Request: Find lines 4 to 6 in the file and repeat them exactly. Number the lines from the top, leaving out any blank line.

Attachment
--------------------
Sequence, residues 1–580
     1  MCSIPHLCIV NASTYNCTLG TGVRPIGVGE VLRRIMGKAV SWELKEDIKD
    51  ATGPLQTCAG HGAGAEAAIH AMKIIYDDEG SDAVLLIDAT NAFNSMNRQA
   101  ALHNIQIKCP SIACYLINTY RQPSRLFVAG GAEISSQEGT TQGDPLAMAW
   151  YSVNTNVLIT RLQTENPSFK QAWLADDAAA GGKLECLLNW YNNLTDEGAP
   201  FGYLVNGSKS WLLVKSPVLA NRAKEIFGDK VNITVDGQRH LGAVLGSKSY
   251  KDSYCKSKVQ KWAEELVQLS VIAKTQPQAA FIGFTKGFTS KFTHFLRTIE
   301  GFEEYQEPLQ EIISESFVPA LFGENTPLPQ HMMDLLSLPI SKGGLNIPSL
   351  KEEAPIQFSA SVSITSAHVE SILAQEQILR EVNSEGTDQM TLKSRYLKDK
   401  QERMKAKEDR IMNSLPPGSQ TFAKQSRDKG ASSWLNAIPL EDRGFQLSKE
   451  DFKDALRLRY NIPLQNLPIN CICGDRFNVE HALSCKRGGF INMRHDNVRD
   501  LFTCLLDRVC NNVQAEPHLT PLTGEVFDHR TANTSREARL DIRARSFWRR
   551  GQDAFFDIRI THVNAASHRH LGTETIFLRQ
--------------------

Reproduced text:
   101  ALHNIQIKCP SIACYLINTY RQPSRLFVAG GAEISSQEGT TQGDPLAMAW
   151  YSVNTNVLIT RLQTENPSFK QAWLADDAAA GGKLECLLNW YNNLTDEGAP
   201  FGYLVNGSKS WLLVKSPVLA NRAKEIFGDK VNITVDGQRH LGAVLGSKSY